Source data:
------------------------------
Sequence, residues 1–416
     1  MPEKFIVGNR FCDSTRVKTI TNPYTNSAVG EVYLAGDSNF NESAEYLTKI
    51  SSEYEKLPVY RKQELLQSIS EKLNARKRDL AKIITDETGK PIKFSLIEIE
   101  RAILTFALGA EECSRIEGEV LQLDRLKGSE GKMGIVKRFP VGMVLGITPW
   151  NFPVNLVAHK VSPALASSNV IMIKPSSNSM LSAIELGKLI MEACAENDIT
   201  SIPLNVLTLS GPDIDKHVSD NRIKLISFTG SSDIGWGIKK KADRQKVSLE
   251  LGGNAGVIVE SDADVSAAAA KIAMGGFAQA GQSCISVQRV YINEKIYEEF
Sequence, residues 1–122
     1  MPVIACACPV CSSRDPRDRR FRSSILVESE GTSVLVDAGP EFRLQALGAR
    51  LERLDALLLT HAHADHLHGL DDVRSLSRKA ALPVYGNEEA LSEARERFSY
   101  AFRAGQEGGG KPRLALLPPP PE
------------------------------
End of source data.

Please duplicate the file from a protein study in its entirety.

Sequence, residues 1–416
     1  MPEKFIVGNR FCDSTRVKTI TNPYTNSAVG EVYLAGDSNF NESAEYLTKI
    51  SSEYEKLPVY RKQELLQSIS EKLNARKRDL AKIITDETGK PIKFSLIEIE
   101  RAILTFALGA EECSRIEGEV LQLDRLKGSE GKMGIVKRFP VGMVLGITPW
   151  NFPVNLVAHK VSPALASSNV IMIKPSSNSM LSAIELGKLI MEACAENDIT
   201  SIPLNVLTLS GPDIDKHVSD NRIKLISFTG SSDIGWGIKK KADRQKVSLE
   251  LGGNAGVIVE SDADVSAAAA KIAMGGFAQA GQSCISVQRV YINEKIYEEF
Sequence, residues 1–122
     1  MPVIACACPV CSSRDPRDRR FRSSILVESE GTSVLVDAGP EFRLQALGAR
    51  LERLDALLLT HAHADHLHGL DDVRSLSRKA ALPVYGNEEA LSEARERFSY
   101  AFRAGQEGGG KPRLALLPPP PE